The next morning, following an informal Welcome Reception and dinner on our first night onboard, we awoke at a small dock in the Hungarian countryside.
Following a good breakfast – all the meals were very good – buses took us to the small Hungarian town of Kalocsa. There we had for a walking tour, before continuing to the Bakodpuszta Equestrian Center. The latter turned out to be the more interesting venue of the day.
At the Center we watched performances by the Hungarian horsemen of the Puszta. These cowboys are the descendants of the Magyar warriors that emigrated to Hungary centuries earlier.
It was a great hit, and included one act that likely was the last thing any of us expected to see in Hungary: a cowboy standing on the haunches of 10 white stallions galloping about a corral at break-neck speed.
The performance was accompanied by samplings of Hungarian brandy and other peasant foods. Also, as expected, there was the opportunity to buy Hungarian embroidery and other items in the center’s little market.
Following lunch back on the ship we were off to Vukovar, a Croatian town. Unfortunately, there town bore much of the brunt of the Serbo-Croation war in the 1990s.
Vukovar was only our base to meet our buses, however. Our destination was actually the town of Osijek, the 4th-largest in Croatia. Once there we walked along 18th-century cobbled streets lined with the best-preserved Baroque buildings in the country.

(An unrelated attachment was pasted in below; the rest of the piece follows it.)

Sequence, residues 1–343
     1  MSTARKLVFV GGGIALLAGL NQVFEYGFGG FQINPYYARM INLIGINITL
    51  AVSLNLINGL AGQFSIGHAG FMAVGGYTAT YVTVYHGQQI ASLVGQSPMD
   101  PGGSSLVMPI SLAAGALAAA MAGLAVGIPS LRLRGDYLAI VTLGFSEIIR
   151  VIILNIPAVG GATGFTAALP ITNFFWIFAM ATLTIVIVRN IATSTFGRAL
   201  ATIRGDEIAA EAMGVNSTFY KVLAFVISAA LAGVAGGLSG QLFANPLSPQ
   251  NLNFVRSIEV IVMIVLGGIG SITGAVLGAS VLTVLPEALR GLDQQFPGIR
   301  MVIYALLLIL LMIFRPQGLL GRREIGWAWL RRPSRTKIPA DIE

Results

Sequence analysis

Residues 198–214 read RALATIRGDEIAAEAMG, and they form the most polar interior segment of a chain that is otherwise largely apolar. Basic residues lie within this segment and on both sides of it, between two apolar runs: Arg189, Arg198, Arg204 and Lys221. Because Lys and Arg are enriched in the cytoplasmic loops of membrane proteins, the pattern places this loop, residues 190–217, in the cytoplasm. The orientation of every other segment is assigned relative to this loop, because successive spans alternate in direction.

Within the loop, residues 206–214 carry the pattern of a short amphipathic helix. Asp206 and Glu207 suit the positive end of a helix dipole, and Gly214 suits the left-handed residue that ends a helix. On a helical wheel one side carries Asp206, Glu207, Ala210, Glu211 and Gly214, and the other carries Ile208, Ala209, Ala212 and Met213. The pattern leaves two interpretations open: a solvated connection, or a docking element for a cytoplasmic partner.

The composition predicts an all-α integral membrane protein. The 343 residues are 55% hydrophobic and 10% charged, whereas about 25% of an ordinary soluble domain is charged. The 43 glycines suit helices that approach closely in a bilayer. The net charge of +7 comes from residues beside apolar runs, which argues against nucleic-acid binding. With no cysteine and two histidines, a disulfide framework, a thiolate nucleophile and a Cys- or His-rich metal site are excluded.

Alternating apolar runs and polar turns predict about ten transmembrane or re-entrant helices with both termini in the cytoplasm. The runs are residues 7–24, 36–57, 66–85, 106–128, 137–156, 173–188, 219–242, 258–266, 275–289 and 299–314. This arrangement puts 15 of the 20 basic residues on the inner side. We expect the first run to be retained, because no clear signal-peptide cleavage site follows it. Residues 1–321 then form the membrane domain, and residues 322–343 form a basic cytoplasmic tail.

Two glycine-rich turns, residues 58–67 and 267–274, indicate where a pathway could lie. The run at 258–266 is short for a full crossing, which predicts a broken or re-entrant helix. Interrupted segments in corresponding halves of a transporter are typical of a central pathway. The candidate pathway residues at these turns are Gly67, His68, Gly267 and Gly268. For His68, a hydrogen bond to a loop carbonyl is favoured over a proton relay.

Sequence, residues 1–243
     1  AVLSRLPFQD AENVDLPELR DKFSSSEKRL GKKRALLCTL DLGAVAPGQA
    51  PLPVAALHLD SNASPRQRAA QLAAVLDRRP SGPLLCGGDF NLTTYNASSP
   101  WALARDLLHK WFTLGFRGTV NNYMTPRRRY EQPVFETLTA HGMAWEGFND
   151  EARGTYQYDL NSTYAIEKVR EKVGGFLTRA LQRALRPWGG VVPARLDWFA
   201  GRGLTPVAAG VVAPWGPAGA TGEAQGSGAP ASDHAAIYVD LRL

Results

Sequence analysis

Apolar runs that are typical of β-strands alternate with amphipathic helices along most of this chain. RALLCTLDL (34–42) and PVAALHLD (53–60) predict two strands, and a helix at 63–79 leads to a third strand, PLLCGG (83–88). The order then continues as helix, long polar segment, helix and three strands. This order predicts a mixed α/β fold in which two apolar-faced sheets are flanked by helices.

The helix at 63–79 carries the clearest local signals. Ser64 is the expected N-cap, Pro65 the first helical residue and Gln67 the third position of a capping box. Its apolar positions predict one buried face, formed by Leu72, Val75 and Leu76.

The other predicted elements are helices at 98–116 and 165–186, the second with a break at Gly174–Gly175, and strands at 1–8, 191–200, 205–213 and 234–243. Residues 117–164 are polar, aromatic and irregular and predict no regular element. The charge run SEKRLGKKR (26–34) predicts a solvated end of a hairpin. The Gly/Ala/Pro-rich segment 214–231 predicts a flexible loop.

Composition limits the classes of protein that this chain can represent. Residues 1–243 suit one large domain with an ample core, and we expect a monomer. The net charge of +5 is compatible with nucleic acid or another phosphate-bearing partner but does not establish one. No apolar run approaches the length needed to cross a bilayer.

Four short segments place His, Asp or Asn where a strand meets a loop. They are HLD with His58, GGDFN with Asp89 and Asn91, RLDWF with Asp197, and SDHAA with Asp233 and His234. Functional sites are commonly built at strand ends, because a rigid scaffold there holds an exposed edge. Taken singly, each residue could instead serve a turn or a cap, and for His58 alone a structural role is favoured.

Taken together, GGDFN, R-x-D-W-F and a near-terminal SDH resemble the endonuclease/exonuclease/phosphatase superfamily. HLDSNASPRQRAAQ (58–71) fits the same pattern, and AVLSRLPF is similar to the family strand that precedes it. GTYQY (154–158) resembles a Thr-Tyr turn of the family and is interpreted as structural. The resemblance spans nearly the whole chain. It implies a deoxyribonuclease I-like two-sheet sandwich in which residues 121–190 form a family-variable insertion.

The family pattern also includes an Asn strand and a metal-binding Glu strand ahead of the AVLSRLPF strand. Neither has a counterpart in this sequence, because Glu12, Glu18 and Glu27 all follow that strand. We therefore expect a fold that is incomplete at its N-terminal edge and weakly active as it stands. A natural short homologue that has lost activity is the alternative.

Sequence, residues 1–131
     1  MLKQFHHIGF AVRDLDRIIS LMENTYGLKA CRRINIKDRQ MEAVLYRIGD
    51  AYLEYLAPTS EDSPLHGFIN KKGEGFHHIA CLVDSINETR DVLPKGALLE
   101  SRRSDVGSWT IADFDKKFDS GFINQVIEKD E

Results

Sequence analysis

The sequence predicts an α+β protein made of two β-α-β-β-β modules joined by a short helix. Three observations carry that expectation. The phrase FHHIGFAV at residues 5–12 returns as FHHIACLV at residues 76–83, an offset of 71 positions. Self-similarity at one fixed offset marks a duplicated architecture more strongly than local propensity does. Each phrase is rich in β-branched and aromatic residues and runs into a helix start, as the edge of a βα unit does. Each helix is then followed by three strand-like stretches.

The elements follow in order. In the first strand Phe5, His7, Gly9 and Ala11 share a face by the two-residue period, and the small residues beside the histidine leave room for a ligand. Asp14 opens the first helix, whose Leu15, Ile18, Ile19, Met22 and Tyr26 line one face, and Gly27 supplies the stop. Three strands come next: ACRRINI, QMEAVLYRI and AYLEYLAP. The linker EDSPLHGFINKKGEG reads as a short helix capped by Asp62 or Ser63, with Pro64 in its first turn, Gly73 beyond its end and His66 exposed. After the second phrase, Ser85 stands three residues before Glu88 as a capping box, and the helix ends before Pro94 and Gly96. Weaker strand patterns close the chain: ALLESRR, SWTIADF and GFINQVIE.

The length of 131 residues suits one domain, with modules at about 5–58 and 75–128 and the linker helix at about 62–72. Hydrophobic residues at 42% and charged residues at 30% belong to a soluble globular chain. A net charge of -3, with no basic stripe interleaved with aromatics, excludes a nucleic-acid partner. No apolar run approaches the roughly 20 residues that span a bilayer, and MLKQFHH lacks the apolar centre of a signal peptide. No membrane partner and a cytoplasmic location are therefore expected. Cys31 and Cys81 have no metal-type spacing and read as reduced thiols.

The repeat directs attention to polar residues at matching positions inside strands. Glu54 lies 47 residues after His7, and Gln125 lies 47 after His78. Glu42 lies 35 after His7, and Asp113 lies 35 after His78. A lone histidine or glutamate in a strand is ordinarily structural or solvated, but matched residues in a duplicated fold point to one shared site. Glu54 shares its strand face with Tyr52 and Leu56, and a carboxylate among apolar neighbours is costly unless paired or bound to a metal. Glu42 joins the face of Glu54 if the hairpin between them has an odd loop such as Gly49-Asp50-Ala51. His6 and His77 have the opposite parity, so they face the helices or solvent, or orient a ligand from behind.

While I enjoyed our tour of Osijek, I was stunned the next day. It was when on this Eastern Europe river cruise we visited Belgrade, the capital of Serbia. I had been to Belgrade many years ago and had avoided it ever since. The reason was because I remembered it as a drab, dour-looking city.
But now, I found it amazing how the city had changed, transforming itself from boring to beautiful. Despite the rain, I became more smitten with the place every place we went.
Following lunch back on the Embla, I took an optional tour to the Kovacica Art Colony in a small town further north.
I know it was due to my high expectations, but I found the art gallery of naïve paintings disappointing. On the other hand, I found our later visit to the home/workshop of a violin maker fascinating. It was wonderful to watch an Old-World craftsman ply his trade and answer our many questions.
River Cruising Through the Iron Gates of Eastern Europe